I made myself a classical guitar in my early 20’s which was a very enjoyable project. I might even make a few more when I retire in 5-7 years. Lots of options for hobbies for sure!!!

Steven Smart20/08/2021 12:28:25
18 forum posts
Posted by Peter Greene on 16/08/2021 01:37:24:
Posted by Steven Smart on 15/08/2021 20:52:15:

..... I have a nice corner that a mill would sit perfectly in!

I'd be wary of that - you may restrict yourself if you want to machine/drill near the end of a long piece. Better to have it at the middle of a wall.

I don't have any of the problems you mentioned with my basement shop (in Mississauga) with the possible exception of tracking swarf into the living area and getting stick. Easily solved with a scrub-mat at the shop doorway. Then again, swmbo is exceptionally understanding.

Hi Peter,

Thats a good point about putting the mill into the corner. It would be better to put the floor mounted drill press there since mine is on wheels and easily moved out if I need more access.

I’m relieved to hear you don’t have any of the basement workshop issues I’ve mentioned. A scrub-mat is an excellent idea. I am concerned about smoke from cutting oil, so I’ll be experimenting with that. I wonder if garlic infused olive oil is a reasonable cutting fluid…LOL. At least my machining will be indistinguishable from my cooking then.

My swmbo is not keen on a basement shop, though it’s a lot of money to have a decent, dedicated outbuilding as a shop. It also doesn’t seem to make much sense to me when the basement is really only being used for junk storage. But that’s just me being too logical apparently.

Thanks for the welcome to the forum.

Regards,

Steven

Steven Smart20/08/2021 12:35:54
18 forum posts
Posted by David George 1 on 17/08/2021 08:06:23:

Hi Steven I don't suppose you know of my uncle who lived in Toronto, Collin Smart, he moved from Wales in 70's with my Aunt to work for McAlpine in a few prodjects.

David

Hi David,

I moved from Australia to Canada in 1996, so it’s probably unlikely I’m related to your uncle. The “Smart” side of my family hasn’t been researched by a relative who’s interested in geology (as far as I know), so my guess is that my namesake immigrated from England to Australia 100-200 years ago.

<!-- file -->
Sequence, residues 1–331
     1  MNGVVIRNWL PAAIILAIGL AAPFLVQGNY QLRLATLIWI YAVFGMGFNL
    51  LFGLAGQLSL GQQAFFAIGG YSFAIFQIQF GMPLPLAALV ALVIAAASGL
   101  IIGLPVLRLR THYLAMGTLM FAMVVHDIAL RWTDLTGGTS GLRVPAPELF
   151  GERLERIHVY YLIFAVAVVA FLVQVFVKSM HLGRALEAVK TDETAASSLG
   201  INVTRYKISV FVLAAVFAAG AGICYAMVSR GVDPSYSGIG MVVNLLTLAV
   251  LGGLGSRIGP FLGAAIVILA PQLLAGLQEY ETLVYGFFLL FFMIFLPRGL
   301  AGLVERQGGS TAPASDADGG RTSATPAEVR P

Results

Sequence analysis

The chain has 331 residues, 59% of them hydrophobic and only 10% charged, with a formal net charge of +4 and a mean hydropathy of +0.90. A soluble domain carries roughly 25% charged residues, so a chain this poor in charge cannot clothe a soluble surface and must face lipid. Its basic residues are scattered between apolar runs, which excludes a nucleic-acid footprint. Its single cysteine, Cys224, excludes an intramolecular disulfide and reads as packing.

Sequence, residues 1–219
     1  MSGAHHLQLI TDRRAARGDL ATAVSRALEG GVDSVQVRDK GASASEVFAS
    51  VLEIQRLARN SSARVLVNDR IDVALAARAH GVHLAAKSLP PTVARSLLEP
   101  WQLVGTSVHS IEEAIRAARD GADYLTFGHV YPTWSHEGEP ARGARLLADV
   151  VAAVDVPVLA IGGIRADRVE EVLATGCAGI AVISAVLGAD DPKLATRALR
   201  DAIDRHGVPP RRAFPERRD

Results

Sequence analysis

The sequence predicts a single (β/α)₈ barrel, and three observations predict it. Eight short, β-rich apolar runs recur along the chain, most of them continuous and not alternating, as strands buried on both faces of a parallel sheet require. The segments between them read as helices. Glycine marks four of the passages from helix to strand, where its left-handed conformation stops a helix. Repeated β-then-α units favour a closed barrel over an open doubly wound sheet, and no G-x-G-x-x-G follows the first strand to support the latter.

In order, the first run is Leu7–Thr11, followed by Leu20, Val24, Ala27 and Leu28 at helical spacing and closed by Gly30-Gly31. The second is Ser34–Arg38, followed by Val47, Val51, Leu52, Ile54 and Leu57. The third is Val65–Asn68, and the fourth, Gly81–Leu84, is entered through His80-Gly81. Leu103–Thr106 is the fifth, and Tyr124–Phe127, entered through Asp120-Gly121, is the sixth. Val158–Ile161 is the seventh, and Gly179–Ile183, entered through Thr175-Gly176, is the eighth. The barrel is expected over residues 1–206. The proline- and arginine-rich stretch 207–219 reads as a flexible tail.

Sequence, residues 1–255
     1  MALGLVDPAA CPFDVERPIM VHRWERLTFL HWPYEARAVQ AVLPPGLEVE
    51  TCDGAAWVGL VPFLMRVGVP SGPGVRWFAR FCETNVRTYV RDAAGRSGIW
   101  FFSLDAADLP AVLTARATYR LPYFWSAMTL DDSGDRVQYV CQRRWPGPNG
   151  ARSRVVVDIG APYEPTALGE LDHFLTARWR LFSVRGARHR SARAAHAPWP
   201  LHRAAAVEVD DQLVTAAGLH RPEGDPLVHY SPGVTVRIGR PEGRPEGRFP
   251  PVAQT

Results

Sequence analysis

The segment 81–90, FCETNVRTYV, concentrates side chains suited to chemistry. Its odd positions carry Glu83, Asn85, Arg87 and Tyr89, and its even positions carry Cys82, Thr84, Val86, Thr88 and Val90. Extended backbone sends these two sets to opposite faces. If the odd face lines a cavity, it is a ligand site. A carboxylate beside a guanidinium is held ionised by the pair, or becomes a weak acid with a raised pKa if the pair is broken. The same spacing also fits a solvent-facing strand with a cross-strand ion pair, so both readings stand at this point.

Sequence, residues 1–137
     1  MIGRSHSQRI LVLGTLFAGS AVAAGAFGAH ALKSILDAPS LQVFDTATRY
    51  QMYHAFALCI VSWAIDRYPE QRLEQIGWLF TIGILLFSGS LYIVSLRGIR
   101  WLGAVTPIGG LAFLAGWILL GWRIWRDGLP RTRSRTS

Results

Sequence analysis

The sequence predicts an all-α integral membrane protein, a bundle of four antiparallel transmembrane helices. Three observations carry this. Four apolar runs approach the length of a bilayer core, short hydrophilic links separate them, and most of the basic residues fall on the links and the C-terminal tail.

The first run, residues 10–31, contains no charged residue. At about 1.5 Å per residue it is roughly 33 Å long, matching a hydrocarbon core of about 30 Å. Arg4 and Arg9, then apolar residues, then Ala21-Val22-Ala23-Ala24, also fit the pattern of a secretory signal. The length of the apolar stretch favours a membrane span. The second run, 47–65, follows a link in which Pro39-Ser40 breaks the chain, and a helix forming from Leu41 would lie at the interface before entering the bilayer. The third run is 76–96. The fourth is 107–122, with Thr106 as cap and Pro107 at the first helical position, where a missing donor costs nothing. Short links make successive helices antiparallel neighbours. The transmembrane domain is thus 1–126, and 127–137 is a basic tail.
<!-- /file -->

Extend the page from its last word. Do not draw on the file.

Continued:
Regards,

Steven

Steven Smart20/08/2021 12:45:47
18 forum posts
Posted by Howard Lewis on 17/08/2021 17:02:47:
…The Spitfire was a stressed monocoque so a hole was more serious, and heavy damage less easily repaired….

Howard

Hi Howard,

Thinking about it more, I’m not sure if this is correct. Most attacks would have occurred from the rear of the aircraft so it seems to me that a bullet would have a pretty good probability of hitting something that required a Hurricane to be sent to a maintenance unit.

However, I’ve also read that the Hurricane had a higher serviceability than the Spitfire, so this supports what you’re saying (I think?)

Regards,

Steven

 

Edited By Steven Smart on 20/08/2021 13:11:31

Steven Smart20/08/2021 13:09:31
18 forum posts
Posted by Mick B1 on 17/08/2021 17:28:07:

I'm not clear why the Hurricane was or is considered inferior to the Me109….Paul Ritchie in 'Fighter Pilot' describes actions in the Battle of France IIRC without any suspicion that his plane was less than equal to anything of the enemy's…

I’ve read that most pilots felt that once they got to know their aircraft, that they felt it was better than the other types available. You’d hope this is true, it would have been very demoralizing flying a fighter which you thought was a hack…

Its such a tough question to answer on which aircraft was better, and it probably doesn’t even have a meaningful answer. The factors which could go into determining which aircraft is better depends on your perspective and could include conflicting things like: lowest cost; hours to build; serviceability; ease of handling; performance (what type of performance?); ability to be upgraded?; etc. etc. etc.

A pilot would likely rate performance over all others. Society would probably rate ‘hours to build’ and lowest cost highest (depending on the type of war), which typically conflicts with performance.

The Battle of Britain was won by both the Spitfire and Hurricane (etc.). In my opinion this is all that can be concluded in the argument of which aircraft was better. Not a very satisfying answer, but I think it’s probably the correct one?

One of the things that really interests me about the Hurricane is how it was built. Fuselage framework bolted and riveted together. Aluminium structures pop riveted together. Wings which are a hodgepodge of technologies. It’s a great example of a transition from one technology (the “biplane” era) to another (the “stressed skin” era) and I find it endlessly fascinating.

It also helps that the Hurricane was clearly better than the Spitfire (tongue firmly held in cheek)

Regards,

Steven

Edited By Steven Smart on 20/08/2021 13:12:43

Edited By Steven Smart on 20/08/2021 13:13:19